The holding of US treasuries by Turkey has gone down by almost 12% from May to June as Ankara diversifies from the US dollar.
In June, Turkey’s share of US Treasury securities dropped to $28.8 billion from $32.6 billion in the previous month, according to Zero Hedge. Since the end of last year, the country has reportedly decreased its holdings of T-bills, bonds and notes by 52 percent.
According to the US Treasury, Turkey’s holdings of bonds, bills and notes tumbled by 52% since the end of 2017, dropping to $28.8 billion in June from $32.6 billion in May and $61.2 billion at the recent high of November of 2016.
Also, in June this year, in a move which possibly paved the way for Turkey’s dumping, a US Treasury report revealed that the Central Bank of Russia had rapidly reduced its country’s holdings in US sovereign debt. It has linked the measure to increased concerns over various risks, including financial, economic and geopolitical. In May 2018, Russia’s US treasury share hit an 11-year low, however the data also showed that the sell-off had slowed down and there was no decrease in June.
The dumping took place earlier than the diplomatic conflict between Turkey and the US. The worsening of the Turkey-US relationship began due to the purchase of the S-400 Triumf system, and mostly due to the detention of American Pastor Andrew Brunson in Turkey.
Brunson is charged with assisting in the failed 2016 coup attempt, if found guilty he is facing up to 35 years in prison.
Relations between the countries started deteriorating quick after on August 1st the US introduced sanctions on two Turkish ministers, which was strongly condemned by President Recep Tayyip Erdogan’s government.
On August 10th, President Donald Trump double the tariffs on Turkish steel and aluminum. Trump commented: “I have just authorized a doubling of tariffs on steel and aluminum with respect to Turkey as their currency, the Turkish lira, slides rapidly downwards against our very strong dollar. Aluminum will now be 20 percent and steel 50 percent. Our relations with Turkey are not good at this time!”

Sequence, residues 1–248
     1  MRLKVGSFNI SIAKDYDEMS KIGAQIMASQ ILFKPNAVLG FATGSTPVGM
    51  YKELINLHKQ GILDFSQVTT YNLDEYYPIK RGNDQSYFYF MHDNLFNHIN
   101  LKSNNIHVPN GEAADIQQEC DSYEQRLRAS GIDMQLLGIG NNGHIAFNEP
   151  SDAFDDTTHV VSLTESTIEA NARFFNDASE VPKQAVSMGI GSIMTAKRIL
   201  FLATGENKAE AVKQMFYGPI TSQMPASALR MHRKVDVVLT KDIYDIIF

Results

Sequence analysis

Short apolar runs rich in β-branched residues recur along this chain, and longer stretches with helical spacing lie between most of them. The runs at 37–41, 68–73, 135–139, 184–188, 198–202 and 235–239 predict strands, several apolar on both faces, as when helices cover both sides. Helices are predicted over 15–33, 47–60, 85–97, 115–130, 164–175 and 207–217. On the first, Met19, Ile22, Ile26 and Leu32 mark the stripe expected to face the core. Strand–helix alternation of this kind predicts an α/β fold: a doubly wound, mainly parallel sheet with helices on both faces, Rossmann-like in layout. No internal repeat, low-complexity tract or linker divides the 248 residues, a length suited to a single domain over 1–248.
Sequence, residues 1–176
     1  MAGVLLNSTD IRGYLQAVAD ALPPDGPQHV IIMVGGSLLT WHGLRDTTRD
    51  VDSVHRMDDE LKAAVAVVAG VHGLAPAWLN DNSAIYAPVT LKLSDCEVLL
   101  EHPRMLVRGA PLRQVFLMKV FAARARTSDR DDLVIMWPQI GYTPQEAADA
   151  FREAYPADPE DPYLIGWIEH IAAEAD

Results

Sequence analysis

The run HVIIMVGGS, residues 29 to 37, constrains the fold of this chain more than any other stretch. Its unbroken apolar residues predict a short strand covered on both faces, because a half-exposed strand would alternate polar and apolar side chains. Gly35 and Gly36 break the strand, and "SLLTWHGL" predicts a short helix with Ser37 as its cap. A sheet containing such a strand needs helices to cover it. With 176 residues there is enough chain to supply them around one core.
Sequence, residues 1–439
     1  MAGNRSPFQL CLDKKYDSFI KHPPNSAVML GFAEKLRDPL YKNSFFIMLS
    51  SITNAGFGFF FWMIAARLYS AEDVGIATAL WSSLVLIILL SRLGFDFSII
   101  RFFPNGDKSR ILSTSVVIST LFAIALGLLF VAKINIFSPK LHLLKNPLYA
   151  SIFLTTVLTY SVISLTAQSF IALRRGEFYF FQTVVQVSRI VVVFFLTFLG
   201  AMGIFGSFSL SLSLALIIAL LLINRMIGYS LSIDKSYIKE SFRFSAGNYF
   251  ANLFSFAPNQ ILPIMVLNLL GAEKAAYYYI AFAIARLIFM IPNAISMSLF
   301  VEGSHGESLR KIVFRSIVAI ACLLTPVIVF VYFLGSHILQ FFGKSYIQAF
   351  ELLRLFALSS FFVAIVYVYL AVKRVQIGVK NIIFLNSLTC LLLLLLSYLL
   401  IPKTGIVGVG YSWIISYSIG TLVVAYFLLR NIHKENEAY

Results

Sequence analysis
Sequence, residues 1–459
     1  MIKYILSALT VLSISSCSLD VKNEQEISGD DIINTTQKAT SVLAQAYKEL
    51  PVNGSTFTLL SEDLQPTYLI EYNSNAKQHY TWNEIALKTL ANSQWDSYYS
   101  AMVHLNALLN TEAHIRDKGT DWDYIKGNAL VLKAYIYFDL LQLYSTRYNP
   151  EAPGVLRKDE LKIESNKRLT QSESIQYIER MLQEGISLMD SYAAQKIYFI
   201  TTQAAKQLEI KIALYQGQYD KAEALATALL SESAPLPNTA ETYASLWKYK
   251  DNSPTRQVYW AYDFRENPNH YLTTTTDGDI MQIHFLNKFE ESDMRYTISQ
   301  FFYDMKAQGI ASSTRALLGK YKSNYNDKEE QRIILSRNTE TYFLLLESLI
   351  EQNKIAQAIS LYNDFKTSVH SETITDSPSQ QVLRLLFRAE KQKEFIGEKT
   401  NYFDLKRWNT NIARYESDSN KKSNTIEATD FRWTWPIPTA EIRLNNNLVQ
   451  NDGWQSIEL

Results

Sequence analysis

The sanctions on the two Turkish officials, and mostly the introduction of the tariffs accelerated the dropping in value of the Turkish lira. The lira has lost more than 45% of its value this year. On August 14th its value went up by 8.4%, however on the morning of August 15th it was down 0.7%.
In retaliation, Turkey announced its decision to impose an additional 50% tax on U.S. rice, 140% on spirits and 120% on cars. There are also additional charges on U.S. cosmetics, tobacco and some food products. The decision comes after on August 14th, Turkish President Recep Tayyip Erdogan called for a boycott of US electronics, including Apple’s iPhones to retaliate to the Trump administration’s sanctions and tariffs imposed over the last few weeks to pressure Turkey into releasing the jailed pastor. To support their leader, on the same day, Turkey’s national Turkish Airlines and its main telecoms firm Turk Telecom announced that they are halting advertising in US media in response to the tension in relations between the countries.
On August 16th, US Treasury Secretary Steve Mnuchin warned that the US would impose more sanctions on the Turkish economy if Ankara does not release Andrew Brunson. “We have put sanctions on several of their cabinet members,” Mnuchin told a cabinet meeting. “We have more that we are planning to do if they don’t release him quickly.”
On the same day, the lira saw a 17% rise, which is promising, albeit its value is still lower than that of April, this comes after Ankara clamped down on currency speculation and attempted to reassure investors.
The recovery of value is also a result of a $15 billion funding package from Qatar, announced on the evening of August 15th. Tamim bin Hamad Al Thani, the Amir of Qatar, tweeted: “Today, in the framework of important negotiations with His Excellency President Erdogan in Ankara, we announced a package of deposits and investment projects worth $15 billion in this country, which has a productive, strong and robust economy.”
Turkish President Tayyip Erdogan answered in a tweet: “On behalf of the Turkish people, I sincerely thank Sheikh Tamim and the Qatari people for standing by Turkey. There is no doubt that our strong relations with the friendly and brotherly state of Qatar will continue to evolve in many areas.”
Turkish Finance Minister Berat Albayrak, who is Erdogan’s son-in-law, pledged to fight inflation and support banks, claiming that Turkey will not need capital controls or assistance from the International Monetary Fund. On August 16th, the Minister spoke to thousands of investors in attempts to reassure them.
Despite the pressure from the US, Turkey has yet refused to take any actions towards releasing the pastor. Erdogan’s government has also strongly condemned US actions, calling them interference in their interior affairs.